Smithsonian National Zoological Park

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The elephant exhibit at the National Zoo

The Smithsonian National Zoological Park, commonly known in the United States as the National Zoo, is a zoo located in Washington, DC. Founded in 1889, it consists of two distinct installations: a 163 acre (0.7 km²) zoo within the Rock Creek Park in Washington DC, and a 3,200 acre (13 km²) Conservation and Research Center located in Front Royal, Virginia, at the edge of the Shenandoah National Park. The zoo in Washington DC is open to the public and dedicated in large part to education; the conservation center in Virginia is closed to the public and used primarily to breed and study endangered species. Altogether the two facilities contain some 2,700 animals of 435 different species.

The National Zoo also maintains numerous field stations around the world, providing expertise and logistical support to local research and conservation efforts in Asia, Africa, Europe, and North and South America.

In 1972 the government of the People's Republic of China donated two giant pandas to the zoo after President Richard Nixon's historic trip to China. Both of these pandas have since died but were replaced with two new pandas.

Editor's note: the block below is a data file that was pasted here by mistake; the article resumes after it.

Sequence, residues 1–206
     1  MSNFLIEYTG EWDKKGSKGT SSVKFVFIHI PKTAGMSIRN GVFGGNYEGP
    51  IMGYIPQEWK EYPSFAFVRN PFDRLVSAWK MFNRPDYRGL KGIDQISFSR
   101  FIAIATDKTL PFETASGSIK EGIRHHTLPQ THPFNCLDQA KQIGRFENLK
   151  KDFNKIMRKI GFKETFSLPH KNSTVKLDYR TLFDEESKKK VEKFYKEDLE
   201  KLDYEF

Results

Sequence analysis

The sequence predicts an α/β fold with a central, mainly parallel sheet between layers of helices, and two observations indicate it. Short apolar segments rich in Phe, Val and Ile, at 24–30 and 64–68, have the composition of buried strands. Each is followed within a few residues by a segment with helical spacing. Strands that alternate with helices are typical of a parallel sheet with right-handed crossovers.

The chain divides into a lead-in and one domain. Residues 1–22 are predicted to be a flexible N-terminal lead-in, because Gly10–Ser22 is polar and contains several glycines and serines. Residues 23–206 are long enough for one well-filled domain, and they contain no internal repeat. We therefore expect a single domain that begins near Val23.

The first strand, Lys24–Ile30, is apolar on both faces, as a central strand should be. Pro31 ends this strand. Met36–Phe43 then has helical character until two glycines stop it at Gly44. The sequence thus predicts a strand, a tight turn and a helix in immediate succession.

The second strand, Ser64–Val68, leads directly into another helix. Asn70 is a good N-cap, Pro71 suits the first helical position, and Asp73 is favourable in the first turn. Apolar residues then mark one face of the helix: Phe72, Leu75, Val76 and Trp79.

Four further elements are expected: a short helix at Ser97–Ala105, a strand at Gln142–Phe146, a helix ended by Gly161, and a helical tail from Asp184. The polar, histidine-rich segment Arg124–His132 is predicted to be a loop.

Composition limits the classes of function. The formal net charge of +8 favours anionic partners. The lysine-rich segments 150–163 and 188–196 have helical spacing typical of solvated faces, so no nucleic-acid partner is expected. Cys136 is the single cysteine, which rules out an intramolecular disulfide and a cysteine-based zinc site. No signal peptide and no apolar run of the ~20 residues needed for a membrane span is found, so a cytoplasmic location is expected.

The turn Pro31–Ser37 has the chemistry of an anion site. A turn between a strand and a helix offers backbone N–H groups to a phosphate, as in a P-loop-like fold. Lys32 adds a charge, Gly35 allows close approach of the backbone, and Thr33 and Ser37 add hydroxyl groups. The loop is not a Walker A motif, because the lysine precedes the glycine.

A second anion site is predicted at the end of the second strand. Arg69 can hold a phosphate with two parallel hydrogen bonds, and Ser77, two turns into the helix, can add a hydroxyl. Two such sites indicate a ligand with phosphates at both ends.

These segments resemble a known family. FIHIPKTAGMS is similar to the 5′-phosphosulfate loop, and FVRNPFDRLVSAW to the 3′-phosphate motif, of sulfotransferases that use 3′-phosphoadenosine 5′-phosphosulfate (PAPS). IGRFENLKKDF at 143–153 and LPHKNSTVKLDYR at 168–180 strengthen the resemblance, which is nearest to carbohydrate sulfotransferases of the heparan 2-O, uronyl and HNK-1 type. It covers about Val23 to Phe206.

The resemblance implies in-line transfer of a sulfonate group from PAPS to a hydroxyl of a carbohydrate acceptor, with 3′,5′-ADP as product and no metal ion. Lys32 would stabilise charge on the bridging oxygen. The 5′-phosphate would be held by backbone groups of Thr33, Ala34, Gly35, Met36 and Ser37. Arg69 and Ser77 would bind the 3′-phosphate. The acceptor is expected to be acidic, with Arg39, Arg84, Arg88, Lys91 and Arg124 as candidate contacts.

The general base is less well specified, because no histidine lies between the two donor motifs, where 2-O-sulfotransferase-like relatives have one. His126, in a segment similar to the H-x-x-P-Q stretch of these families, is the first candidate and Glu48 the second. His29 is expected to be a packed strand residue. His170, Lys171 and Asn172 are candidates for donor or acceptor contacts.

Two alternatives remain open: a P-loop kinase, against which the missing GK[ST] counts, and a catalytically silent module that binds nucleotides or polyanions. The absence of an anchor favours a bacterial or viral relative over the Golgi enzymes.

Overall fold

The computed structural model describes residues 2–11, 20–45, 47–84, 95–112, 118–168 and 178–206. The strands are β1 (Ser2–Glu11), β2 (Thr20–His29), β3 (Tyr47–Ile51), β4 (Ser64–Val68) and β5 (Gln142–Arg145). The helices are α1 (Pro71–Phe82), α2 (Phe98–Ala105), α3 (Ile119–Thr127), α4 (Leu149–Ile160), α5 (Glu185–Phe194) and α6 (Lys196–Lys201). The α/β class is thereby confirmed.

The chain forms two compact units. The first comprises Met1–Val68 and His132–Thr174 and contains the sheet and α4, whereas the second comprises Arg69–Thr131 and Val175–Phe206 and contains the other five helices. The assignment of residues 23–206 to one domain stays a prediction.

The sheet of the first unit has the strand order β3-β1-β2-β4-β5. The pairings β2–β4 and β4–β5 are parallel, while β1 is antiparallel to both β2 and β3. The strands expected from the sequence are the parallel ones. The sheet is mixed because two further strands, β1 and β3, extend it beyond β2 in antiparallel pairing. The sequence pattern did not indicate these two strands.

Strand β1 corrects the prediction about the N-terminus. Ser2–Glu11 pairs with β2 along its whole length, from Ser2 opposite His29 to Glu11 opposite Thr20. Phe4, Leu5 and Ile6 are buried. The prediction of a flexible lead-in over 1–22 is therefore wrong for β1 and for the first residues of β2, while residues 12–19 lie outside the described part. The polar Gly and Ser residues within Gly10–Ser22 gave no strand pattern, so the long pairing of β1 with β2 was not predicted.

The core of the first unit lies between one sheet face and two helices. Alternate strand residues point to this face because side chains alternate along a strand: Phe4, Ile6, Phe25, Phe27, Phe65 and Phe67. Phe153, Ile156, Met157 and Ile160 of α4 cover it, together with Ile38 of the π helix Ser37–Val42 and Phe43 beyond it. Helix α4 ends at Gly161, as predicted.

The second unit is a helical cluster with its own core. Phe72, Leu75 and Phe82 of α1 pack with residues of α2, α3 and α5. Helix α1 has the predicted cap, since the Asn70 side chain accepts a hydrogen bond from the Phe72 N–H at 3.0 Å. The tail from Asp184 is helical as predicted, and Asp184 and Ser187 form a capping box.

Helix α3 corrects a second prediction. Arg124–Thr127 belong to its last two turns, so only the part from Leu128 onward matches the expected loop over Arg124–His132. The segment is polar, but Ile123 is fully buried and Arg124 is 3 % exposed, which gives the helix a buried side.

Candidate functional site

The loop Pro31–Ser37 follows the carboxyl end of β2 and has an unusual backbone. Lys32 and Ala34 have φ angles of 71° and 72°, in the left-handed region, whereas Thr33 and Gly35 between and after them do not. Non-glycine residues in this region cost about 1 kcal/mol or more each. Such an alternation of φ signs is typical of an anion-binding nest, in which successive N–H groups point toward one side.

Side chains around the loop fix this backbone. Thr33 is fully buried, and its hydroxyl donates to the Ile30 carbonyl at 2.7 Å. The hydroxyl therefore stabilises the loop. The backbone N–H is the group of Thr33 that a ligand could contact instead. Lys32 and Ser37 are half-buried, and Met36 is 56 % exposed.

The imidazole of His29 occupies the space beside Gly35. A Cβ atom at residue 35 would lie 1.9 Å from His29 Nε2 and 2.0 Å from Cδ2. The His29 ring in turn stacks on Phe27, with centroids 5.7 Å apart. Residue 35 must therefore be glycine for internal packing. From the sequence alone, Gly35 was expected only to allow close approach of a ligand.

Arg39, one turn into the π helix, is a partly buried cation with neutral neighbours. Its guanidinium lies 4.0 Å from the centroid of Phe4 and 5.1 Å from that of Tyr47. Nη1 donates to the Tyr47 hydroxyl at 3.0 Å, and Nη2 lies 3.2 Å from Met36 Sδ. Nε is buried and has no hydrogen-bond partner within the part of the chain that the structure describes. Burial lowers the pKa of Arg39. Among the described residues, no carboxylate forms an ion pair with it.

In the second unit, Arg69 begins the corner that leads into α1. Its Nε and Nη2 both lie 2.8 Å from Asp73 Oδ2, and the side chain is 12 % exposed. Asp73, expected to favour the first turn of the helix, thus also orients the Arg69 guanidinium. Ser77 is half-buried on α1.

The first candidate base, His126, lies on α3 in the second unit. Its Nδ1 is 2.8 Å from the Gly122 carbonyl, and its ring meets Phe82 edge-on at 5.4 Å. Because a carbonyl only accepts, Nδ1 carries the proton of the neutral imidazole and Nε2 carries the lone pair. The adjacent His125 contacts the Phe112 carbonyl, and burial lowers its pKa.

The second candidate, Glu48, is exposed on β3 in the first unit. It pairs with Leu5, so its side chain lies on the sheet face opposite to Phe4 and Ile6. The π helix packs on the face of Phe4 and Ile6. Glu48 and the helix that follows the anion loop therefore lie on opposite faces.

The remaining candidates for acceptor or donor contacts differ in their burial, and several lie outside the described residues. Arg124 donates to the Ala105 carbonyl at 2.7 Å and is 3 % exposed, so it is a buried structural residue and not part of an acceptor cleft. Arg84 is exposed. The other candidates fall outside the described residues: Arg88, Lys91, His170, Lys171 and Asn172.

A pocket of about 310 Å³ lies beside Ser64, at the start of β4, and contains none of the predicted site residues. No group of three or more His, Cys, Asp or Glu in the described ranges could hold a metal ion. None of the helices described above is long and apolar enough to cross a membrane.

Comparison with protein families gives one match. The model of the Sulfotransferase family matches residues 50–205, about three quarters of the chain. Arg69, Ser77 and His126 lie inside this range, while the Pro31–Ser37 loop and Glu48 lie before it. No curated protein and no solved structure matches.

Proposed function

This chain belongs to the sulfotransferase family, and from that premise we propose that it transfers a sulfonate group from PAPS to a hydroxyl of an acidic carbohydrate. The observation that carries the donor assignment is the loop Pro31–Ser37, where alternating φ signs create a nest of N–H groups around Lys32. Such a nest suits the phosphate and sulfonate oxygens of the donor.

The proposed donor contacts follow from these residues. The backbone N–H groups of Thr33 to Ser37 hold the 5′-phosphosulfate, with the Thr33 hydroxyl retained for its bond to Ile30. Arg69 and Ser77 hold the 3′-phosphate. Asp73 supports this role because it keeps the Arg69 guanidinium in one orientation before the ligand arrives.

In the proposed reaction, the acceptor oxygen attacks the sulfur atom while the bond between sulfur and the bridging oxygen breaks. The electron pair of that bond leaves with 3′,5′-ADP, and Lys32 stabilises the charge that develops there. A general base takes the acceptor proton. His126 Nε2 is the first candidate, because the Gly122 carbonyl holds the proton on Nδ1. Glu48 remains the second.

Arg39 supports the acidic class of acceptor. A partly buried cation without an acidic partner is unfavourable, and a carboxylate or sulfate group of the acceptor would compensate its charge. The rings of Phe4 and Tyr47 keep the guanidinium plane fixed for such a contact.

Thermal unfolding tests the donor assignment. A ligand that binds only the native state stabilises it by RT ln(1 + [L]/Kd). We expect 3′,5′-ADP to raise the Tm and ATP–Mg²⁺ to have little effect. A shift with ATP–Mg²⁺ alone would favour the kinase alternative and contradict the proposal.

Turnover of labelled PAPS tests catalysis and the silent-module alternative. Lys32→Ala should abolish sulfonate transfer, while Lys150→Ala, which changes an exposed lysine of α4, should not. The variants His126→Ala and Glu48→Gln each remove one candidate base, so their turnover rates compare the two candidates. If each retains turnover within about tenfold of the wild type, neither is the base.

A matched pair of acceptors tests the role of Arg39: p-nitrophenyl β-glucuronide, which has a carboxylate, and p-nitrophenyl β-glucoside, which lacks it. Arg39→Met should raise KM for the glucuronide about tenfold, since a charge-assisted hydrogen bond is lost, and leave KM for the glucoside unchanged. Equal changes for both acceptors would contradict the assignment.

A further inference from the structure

In the past few years, mismanagement has led to the accidental deaths of around two dozen animals in the National Zoo's care, threatening the Zoo's accreditation and causing the resignation of its director. One incident involved the death of two red pandas from rat poison deployed by an illegally hired unlicensed exterminator, for which the city of Washington has sought to fine the Zoo over its claim of federally granted immunity.

The National Zoo maintains its own security police, the National Zoological Park Police, which consists of 50 full-time and part-time officers. They have concurrent jurisdiction over the zoo with the U.S. Park Police and the Washington, DC Metropolitan Police.

Special events

Annually, each Easter Monday, the National Zoo serves as the venue for the African American Family Celebration. This celebration has been a tradition for more than 100 years. The celebration began in response to the inability, until relatively recently, of African Americans to participate in the annual Easter Egg Hunt held at the Nation's White House. A key feature of the Zoo's celebration is a children's Easter Egg Roll.

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